I will unhesitatingly recommend this book to clients and colleagues. In fact, I plan to purchase multiple copies to have on hand for my clients, many of whom have the same questions that I had and which the book answered.
Tim paints pictures of wonderful options of various types of college choices, with the benefit of saving money that can accumulate in investments rather than in retirement depletion because of "payments". Why not go to a lesser school when you are unsure of your major? If you are going to college to "live the college experience out of state", why not stay with friends who are away when you are on break? Hey, when it's all over (and it goes by fast) you'll probably owe much less money and be saving for your home instead! More than likely, they'll be living home again and need to come visit you! Use your "leverage" as Tim suggests.Read more ›
I have done my own taxes and retirement accounts for decades and thought I knew everything and was doing everything right for college. Tim's book clearly explained how colleges calculate the Expected Family Contribution (EFC) and how they use that to determine financial aid. He lays out simple strategies for legally minimizing your EFC and increasing your chances for aid. Although I was doing things well, Tim lays out some even better strategies.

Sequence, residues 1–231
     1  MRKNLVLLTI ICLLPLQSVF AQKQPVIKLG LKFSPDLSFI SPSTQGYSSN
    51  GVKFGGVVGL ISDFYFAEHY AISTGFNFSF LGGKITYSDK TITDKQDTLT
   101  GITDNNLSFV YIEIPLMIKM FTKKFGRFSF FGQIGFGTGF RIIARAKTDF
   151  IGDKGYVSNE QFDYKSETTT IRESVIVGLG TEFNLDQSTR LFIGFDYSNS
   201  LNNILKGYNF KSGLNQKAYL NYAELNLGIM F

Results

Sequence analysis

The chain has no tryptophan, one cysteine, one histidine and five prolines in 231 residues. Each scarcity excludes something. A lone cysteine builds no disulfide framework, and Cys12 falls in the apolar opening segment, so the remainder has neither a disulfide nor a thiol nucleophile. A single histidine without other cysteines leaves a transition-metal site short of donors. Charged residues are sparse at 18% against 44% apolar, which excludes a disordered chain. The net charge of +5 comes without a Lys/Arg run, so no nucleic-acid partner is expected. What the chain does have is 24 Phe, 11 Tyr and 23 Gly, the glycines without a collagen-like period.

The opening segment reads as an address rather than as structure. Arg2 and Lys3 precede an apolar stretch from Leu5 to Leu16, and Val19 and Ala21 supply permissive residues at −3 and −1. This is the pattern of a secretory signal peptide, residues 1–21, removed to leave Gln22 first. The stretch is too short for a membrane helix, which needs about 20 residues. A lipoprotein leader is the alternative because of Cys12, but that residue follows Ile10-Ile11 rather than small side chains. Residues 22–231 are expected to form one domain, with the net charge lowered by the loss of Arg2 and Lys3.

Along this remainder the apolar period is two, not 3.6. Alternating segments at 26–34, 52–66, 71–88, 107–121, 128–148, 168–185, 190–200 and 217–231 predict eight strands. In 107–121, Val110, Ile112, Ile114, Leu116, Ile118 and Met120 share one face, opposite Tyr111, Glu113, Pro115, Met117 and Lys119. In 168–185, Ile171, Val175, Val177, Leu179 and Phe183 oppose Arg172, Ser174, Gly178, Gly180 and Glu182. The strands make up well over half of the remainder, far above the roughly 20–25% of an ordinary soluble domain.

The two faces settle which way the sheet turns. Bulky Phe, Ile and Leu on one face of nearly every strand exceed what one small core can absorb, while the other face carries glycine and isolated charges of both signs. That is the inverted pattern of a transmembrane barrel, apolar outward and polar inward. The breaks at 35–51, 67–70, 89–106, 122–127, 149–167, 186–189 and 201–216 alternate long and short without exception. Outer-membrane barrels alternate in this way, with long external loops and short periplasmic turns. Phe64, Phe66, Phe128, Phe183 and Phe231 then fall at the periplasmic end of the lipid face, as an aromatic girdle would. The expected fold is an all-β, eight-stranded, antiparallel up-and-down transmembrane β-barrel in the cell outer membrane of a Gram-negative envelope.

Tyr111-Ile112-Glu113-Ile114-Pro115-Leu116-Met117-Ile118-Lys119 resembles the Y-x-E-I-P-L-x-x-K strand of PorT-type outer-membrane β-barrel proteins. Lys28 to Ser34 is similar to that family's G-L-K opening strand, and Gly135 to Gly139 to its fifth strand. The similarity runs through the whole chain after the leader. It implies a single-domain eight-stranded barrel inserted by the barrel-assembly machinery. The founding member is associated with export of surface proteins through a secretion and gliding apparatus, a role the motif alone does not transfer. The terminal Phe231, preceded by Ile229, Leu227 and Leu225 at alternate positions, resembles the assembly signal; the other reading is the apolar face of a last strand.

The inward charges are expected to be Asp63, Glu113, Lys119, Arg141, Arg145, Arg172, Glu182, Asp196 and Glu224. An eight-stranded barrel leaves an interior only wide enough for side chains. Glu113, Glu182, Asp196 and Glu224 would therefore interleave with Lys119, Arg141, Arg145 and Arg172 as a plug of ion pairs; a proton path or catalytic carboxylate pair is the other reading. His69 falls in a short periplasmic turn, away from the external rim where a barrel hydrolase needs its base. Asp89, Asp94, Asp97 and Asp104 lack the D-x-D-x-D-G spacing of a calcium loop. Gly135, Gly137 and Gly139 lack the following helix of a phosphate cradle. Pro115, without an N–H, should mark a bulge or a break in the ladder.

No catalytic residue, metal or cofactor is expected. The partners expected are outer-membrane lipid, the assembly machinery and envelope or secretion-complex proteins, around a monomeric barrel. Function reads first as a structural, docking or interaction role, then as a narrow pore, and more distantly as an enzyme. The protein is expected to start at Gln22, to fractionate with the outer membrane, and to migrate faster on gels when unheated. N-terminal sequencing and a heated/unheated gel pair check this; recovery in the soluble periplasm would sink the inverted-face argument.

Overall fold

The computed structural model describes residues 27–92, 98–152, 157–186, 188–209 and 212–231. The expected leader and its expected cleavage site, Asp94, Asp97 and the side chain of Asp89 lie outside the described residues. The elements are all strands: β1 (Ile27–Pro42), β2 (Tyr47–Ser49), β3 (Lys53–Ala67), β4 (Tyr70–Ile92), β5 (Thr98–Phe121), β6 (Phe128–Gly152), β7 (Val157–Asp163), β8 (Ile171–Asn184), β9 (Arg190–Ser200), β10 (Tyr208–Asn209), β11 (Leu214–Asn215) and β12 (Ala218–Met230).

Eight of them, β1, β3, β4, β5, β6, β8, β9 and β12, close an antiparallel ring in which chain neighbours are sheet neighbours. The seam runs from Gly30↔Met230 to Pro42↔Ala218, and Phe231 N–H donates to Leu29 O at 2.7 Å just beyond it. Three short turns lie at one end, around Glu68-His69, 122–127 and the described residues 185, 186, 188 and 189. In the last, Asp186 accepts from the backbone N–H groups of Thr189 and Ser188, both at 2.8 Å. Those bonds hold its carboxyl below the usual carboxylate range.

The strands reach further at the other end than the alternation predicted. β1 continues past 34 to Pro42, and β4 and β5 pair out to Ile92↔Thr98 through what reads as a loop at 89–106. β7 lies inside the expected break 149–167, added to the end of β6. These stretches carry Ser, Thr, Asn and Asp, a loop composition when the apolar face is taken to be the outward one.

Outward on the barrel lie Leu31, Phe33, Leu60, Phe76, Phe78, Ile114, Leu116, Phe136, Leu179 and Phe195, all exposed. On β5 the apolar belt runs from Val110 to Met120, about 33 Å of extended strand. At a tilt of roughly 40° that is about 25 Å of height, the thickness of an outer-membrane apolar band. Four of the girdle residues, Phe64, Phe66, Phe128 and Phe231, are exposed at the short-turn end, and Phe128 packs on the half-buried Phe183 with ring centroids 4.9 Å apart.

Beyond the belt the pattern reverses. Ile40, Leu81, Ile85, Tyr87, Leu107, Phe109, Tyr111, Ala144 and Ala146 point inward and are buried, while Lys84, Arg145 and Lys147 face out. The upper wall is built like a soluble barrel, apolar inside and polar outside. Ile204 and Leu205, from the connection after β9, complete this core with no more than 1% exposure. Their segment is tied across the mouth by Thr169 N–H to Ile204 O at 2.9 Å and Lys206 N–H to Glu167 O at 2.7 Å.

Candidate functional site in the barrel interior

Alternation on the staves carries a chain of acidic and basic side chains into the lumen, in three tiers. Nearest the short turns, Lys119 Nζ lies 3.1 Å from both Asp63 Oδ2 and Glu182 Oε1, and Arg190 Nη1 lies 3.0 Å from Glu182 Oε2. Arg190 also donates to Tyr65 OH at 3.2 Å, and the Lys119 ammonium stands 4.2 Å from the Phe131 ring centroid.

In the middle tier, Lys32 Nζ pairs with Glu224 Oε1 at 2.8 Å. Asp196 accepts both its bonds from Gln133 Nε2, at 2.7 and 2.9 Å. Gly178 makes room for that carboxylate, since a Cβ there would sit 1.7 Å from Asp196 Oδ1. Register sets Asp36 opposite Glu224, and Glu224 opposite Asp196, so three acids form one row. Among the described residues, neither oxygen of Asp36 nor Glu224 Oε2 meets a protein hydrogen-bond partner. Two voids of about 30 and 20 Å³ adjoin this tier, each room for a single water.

There was one small detail in the book I was unclear about, so I emailed the author. He replied the same day with a very clear explanation.
Most Recent Customer Reviews
I very rarely write reviews however I heartily endorse Tim's book. As a parent of a high school senior, the college selection, application, and financial aid process can be... Read morePublished 7 months ago by Amazon Customer
This book is a must have resource for parents planning to send their child off to college. Mr. Higgins explains the college admissions/recruiting process in a clear and precise... Read morePublished 8 months ago by Dan G.
Finally a comprehensive down to earth view of the financial aid process for college! Enjoyed the author's clear presentation.Published 9 months ago by P T Stephan
I found this book to be very helpful in adjusting how I am currently saving – Lot of information I was not aware of. Read morePublished 14 months ago by Susan Hallett
Wow! What a great book! I spent the weekend blowing off friends at the movies so I could finish reading it. Read morePublished 17 months ago by Dana A.
The extreme costs of college is one of the most daunting expenses that most families will face. Essentially paying for college is like buying a luxury vehicle every year for four... Read morePublished 19 months ago by Julie coogan
The book, Pay for College Without Sacrificing Your Retirement, by Tim Higgins, is a comprehensive look at the overwhelming topic of college decisions, yet a very easy read. Read morePublished 19 months ago by Deborah Keefe
Excellent read. Our daughter is still an infant, and this book served two purposes. First, to illustrate savings vehicles other than 529 plans that where we should invest well in... Read morePublished on August 3, 2014 by Joshua Reifsnyder
Excellent book! I would recommend this book especially to "first time" college parents. It was a quick read, with valuable and "to the point" suggestions. Read morePublished on March 28, 2014 by Joanie Kagan